Saturday, 26 April 2014

"In space, no one can hear you..."

Movie trailers. The little teasers. 

At least that's what they're meant to do. But as we all know, they mostly show all the good parts, give away all the big plot twists and leave you knowing exactly how it's going to end. And then you still pay to see these movies, and have the audacity to grumble about how you'd seen the highlights in the trailer.

Which is why my all-time favourite trailers are for 'Alien', and even more so - 'Aliens'.

One of these people is not like the others. Actually, two.
I was recently watching a cast reunion Q&A with some of the 'Aliens' cast. (I loved Michael Biehn's response when asked his opinion of 'Alien 3' - and I LIKE 'Alien 3'! I hate it as a sequel to 'Aliens', but as an individual film it has a lot going for it.) Fond memories evoked, it made me realise again why that movie is so good - not only entertaining, but it served up new ideas - all fresh. (At least until repeatedly copied by umpteen wannabe movies that followed.)

****SPOILERS. But c'mon, this film did come out in 1986.*******

For most part, the character development and the interchange/conflict between them is what makes 'Aliens' really tick. For example: Hudson - the loudmouth who becomes an emotional wreck, finally going out in a blaze of glory in the final showdown with the beasties. Bishop: Do we trust him? Ripley doesn't: for one good Ash-shaped reason. He seems nice. But then...Burke. He makes lots of promises, seems to believe Ripley, but hey - he's willing to kill everyone! Frost - the likeable trooper who is the first to bite the big one. Heck, we liked that guy! (Thus telling the audience that NO ONE IS SAFE.) Gorman - aloof, anally-retentive leader whose lack of experience brings him back down to earth with a bump - and learns what it is to be part of a unit. Vasquez and Drake - the company's loved-up,  hard-nosed gun-nuts who have the honeymoon cut short by a well-intentioned shot and a gallon and alien acid blood. Hicks - seemingly the handsome hero who becomes the leader, only to be rescued by Ripley.

Or, to give a visual example:

Hudson: We're on an express elevator to hell!
Hudson: Game over, man!!!!
Hudson: DIE MOTHER*&£"#$*
Also, there's a lot to be said about the casting - in particular, using Paul Reiser (a stand-up comedian) to play the squirmy, under-handed Company Rep Burke. There's a whole bunch of playing against type in this movie, and that's what keeps it on its toes. That, and a plotline which leaps from jeopardy to another to 'oh my goodness,  how are they going to get out of that one?!' The tension and layers keep a-comin'.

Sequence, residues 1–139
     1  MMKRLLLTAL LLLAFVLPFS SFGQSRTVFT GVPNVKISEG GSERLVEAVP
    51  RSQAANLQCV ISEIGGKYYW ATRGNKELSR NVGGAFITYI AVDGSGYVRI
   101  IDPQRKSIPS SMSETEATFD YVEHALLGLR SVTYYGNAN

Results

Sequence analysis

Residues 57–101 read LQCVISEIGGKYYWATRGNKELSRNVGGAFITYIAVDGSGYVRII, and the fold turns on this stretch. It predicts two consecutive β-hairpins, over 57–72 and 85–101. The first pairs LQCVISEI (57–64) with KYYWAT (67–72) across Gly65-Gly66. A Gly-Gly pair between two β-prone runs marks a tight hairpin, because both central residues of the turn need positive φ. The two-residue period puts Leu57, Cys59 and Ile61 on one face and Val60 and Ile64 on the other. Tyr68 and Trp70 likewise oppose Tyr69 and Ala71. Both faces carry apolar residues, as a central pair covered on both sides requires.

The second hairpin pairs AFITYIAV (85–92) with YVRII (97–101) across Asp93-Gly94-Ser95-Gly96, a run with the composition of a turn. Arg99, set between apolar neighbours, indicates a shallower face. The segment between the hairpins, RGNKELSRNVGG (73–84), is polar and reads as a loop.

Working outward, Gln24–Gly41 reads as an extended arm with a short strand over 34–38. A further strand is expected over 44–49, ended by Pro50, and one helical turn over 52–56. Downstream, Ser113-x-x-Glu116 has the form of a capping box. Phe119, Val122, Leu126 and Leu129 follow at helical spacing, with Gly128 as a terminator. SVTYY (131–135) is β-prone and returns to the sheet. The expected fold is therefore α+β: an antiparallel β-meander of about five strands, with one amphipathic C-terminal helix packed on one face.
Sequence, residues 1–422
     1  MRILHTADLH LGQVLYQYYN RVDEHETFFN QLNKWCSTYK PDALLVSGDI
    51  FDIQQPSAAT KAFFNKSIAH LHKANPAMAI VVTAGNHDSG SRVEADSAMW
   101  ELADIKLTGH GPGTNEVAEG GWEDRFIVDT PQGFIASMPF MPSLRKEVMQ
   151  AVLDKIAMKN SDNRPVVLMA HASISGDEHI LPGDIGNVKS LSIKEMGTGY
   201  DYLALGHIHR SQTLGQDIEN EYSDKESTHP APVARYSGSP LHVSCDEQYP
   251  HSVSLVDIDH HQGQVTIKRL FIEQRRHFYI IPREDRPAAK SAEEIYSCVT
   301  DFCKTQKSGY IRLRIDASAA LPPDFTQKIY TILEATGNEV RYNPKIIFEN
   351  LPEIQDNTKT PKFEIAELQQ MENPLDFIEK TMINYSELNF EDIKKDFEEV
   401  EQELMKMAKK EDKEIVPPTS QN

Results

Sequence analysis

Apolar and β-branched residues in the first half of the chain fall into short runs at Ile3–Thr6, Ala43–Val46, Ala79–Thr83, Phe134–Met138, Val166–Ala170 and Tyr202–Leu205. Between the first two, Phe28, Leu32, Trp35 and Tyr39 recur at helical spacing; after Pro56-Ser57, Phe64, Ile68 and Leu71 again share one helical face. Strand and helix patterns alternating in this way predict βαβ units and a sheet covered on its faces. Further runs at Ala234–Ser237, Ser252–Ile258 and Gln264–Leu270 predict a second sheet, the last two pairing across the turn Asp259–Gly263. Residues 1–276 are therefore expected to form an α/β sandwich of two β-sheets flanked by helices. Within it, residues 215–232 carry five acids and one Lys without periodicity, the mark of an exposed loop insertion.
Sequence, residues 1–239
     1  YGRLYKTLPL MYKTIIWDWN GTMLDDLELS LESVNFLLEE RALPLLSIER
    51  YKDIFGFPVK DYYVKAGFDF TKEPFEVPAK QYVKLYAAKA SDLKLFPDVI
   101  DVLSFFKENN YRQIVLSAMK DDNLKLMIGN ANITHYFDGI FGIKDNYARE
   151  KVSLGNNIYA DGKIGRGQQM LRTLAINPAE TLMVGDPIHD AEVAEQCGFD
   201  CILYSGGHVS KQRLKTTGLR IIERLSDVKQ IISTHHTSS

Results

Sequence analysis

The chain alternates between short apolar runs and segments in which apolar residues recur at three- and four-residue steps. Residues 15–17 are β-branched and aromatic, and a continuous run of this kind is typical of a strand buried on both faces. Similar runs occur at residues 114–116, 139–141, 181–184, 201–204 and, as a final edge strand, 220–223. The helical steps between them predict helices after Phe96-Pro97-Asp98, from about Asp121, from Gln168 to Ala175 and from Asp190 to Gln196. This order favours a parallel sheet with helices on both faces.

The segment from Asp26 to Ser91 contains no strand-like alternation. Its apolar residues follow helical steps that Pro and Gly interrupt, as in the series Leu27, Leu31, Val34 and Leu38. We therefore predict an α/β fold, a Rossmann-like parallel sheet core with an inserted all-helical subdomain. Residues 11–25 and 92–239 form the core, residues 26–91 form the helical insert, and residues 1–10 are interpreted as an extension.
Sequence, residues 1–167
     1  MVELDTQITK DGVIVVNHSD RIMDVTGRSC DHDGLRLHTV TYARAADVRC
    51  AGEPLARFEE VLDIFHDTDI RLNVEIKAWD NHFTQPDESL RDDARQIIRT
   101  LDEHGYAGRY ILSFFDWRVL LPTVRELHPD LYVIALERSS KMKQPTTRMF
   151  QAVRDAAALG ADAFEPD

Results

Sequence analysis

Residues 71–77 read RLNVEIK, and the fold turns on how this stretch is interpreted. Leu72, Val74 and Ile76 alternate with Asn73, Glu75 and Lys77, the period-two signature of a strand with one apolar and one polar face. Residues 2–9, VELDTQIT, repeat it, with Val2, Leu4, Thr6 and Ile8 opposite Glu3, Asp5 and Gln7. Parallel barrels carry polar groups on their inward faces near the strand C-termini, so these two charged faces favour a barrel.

Ripley accidentally treads on Hicks's foot for the 32nd time.
As an eleven year old in 1986, what really fired me up about this movie was the trailer. Whilst it uses the same 'format' as the original 'Alien' trailer i.e. No dialogue, an intriguing collection of images and scary alien wailing, all increasing in intensity - it goes one better. Rather than just being an alien trailer (by which I mean something chilling, pulsating, confusing and incomprehensible), it's more of a ticking time-bomb (much like the movie itself), it shows a lot without giving anything away - and it REALLY makes you want to see it. To understand what you've just seen, to find out what on earth is going on.

Even the posters give nothing away.



What's Ripley looking at?!

I've previously harped on about the good ol' days before t'internet - with most films these days wanting the audience to know EVERYTHING about the movie before they've even seen it. The 'Aliens' trailer is a master class of letting the visuals do the talking. And that to me isn't just great advertising, but great story-telling too.

*Side-note. The teaser trailer for Alien 3 is just mis-leading: Implying that the story will take place on Earth was just uncool. Which, again, is another good lesson for writing - especially when it comes to loglines and pitching - make sure the idea you are pitching IS actually the story you are selling!

The bug hunters; in happier times. Before it all went wrong, like.
**Side-note part 2: The trailer for Prometheus. I was so hyped about this trailer. It had been a long while since I'd seen a trailer that made me go 'WOOOOAH.' "They've even emulated the style and sound design from the original 'Alien' trailer! "But it's not an Alien film! Sort of!" cried the producers. "Then why are you trying to fall-back on those movies by copying the Alien trailers?" cried, erm, me. "But it's even bigger 'n shinier! They're paying attention to these little fanboy details! It MUST be good..." replied the internet. Flash-forward to movie theatre: "Oh dear Lord." Another writing lesson there - don't hype your story. Deliver. The. Goods.
"A day in the marine corp is like a day on the farm."
The boys suspect Apone may have been lying.
***Side-note part 3: The final side-note. I recently re-discovered THIS in my loft.

This time it's your turn.
Yes, the based-on-the-1986-movie-of-the-same-name board game ALIENS. Haven't played it in years, but I recall that all the main characters are present and correct. You roll the dice, move, fight aliens etc... but it also throws up some interesting ideas, as there's no way of guaranteeing who will survive. So what would 'Aliens' have been like had Hicks, Hudson and Vasquez perished, but Apone, Crowe and Dietrich made it out of the initial skirmish? What if Vasquez got face-hugged? Would Drake go all-out-nutso? How would that mix of characters affect the storyline? Which brings me back to my final question to writers:

Have you got the right mix of characters and conflict in your story?